Noradrenaline-functionalized hyperbranched fluoropolymer-poly(ethylene glycol) cross-linked networks as dual-mode, anti-biofouling coatings.
The strategy of decorating antibiofouling hyperbranched fluoropolymer-poly(ethylene glycol) (HBFP-PEG) networks with a settlement sensory deterrent, noradrenaline (NA), and the results of biofouling assays are presented. This example of a dual-mode surface, which combines both passive and active modes of antibiofouling, works in synergy to improve the overall antibiofouling efficiency against barnacle cyprids. The HBFP-PEG polymer surface, prior to modification with NA, was analyzed by atomic force microscopy, and a significant distribution of topographical features was observed, with a nanoscopic roughness measurement of 110 ± 8 nm. NA attachment to the surface was probed by secondary ion mass spectrometry to quantify the extent of polymer chain-end substitution with NA, where a 3- to 4-fold increase in intensity for a fragment ion associated with NA was observed and 39% of the available sites for attachment were substituted. Cytoskeletal assays confirmed the activity of tethered NA on adhering oyster hemocytes. Settlement assays showed deterrence toward barnacle cyprid settlement, while not compromising the passive biofouling resistance of the surface. This robust strategy demonstrates a methodology for the incorporation of actively antibiofouling moieties onto a passively antibiofouling network.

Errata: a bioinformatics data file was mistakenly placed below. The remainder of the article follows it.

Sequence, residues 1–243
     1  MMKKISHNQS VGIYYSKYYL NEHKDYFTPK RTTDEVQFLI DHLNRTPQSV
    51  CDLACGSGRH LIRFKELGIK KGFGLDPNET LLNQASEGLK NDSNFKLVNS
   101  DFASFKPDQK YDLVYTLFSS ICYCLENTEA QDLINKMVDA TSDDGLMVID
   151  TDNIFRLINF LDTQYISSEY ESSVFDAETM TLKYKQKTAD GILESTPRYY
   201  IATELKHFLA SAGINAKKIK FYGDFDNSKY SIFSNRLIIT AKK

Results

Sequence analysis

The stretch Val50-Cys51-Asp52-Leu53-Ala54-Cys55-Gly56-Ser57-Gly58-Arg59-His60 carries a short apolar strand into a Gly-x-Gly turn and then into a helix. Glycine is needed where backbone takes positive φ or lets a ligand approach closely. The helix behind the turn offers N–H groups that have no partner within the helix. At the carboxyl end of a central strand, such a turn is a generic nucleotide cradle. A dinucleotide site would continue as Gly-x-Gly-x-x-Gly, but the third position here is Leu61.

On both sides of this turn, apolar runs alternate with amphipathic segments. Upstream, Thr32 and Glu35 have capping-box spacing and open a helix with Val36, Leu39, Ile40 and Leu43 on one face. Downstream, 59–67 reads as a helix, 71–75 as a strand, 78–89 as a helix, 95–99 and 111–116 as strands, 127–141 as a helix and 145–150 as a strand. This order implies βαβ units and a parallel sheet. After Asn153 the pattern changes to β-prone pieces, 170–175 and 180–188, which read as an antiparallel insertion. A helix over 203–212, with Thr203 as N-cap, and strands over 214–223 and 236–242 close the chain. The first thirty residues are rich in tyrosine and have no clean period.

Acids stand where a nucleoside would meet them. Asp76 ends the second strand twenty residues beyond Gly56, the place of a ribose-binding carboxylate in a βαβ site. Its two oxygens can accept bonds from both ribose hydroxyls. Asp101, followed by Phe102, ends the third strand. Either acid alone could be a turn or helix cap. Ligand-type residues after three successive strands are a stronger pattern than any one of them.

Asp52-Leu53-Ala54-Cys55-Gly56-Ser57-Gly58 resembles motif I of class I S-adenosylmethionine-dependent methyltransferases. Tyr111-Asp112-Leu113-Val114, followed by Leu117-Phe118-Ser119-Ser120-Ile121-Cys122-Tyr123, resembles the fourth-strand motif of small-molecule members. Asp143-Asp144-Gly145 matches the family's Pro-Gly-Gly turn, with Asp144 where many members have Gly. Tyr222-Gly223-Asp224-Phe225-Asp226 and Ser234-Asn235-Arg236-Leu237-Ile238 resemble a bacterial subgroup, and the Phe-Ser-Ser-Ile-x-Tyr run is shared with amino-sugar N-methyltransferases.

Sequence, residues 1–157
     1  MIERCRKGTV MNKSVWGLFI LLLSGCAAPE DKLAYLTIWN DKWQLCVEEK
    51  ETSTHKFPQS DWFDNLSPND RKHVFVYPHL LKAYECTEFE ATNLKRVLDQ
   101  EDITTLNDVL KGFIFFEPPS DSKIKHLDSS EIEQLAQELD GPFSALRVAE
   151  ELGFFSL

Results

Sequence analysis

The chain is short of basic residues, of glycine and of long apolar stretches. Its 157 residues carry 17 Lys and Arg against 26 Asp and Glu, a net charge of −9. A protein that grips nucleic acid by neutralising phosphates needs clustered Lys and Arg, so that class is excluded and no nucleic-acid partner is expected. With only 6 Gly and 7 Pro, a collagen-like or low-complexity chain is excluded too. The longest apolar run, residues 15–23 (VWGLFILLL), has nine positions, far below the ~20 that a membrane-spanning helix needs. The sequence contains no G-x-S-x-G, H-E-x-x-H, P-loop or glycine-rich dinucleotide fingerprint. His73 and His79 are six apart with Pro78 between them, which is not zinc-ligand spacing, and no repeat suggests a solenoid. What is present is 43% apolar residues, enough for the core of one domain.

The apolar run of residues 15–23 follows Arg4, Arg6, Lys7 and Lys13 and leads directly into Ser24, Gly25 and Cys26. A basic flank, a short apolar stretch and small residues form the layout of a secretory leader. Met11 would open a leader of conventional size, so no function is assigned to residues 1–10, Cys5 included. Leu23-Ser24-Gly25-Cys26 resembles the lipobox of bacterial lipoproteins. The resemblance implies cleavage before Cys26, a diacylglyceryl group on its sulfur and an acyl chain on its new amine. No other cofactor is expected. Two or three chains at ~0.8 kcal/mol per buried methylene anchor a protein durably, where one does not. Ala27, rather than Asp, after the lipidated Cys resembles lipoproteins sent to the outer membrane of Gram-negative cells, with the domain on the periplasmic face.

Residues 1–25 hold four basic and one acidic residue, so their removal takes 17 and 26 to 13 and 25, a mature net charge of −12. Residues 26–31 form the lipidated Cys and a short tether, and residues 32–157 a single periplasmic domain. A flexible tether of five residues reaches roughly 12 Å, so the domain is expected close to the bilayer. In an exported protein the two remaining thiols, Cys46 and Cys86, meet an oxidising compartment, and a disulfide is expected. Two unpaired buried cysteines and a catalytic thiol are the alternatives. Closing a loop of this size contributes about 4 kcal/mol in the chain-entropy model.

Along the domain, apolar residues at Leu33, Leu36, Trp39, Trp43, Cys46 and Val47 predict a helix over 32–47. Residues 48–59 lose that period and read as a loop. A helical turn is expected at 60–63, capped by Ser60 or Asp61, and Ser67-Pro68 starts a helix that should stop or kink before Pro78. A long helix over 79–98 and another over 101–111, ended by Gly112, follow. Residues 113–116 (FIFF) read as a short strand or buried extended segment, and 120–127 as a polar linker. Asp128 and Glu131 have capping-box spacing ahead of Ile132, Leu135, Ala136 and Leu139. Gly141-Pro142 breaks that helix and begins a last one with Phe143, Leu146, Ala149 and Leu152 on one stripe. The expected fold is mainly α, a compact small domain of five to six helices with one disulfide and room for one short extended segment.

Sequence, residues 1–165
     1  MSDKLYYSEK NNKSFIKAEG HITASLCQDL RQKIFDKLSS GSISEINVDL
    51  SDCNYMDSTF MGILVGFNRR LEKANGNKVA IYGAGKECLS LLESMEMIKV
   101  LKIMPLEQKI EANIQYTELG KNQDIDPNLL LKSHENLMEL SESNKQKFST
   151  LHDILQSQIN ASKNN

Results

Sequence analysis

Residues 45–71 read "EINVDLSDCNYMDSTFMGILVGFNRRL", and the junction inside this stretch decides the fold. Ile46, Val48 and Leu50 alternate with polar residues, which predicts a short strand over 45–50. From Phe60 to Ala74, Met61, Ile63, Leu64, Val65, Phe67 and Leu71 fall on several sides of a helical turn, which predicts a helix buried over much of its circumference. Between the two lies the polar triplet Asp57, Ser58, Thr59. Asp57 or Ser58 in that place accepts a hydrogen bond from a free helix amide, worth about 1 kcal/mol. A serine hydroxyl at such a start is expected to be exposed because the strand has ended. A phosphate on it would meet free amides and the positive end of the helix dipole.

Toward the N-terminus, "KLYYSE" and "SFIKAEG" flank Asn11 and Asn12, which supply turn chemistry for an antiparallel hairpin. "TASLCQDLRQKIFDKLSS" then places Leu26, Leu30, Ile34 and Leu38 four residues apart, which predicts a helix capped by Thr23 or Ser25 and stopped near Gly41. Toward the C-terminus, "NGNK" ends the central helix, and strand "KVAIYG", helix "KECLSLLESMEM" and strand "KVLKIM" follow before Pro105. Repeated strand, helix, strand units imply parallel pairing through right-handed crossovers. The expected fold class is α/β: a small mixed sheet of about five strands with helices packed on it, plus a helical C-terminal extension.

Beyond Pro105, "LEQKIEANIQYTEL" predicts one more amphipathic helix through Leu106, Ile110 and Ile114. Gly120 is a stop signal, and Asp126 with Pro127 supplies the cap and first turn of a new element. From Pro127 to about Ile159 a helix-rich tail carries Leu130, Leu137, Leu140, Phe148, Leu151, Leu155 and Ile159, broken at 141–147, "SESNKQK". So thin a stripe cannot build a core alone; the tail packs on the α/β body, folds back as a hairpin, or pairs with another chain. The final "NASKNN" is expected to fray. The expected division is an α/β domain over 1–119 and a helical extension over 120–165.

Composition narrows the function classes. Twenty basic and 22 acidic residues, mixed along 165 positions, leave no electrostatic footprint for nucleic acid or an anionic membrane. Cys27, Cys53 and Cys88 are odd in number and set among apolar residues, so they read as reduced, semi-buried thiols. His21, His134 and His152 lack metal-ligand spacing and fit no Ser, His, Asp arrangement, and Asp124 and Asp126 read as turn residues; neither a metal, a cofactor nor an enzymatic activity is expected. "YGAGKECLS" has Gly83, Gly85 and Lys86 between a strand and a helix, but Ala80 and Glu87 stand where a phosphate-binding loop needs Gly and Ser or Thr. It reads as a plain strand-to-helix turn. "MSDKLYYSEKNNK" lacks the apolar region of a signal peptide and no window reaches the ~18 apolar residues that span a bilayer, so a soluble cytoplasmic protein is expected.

Imbesi, PM; Gohad, NV; Eller, MJ; Orihuela, B; Rittschof, D; Schweikert, EA; Mount, AS; Wooley, KL
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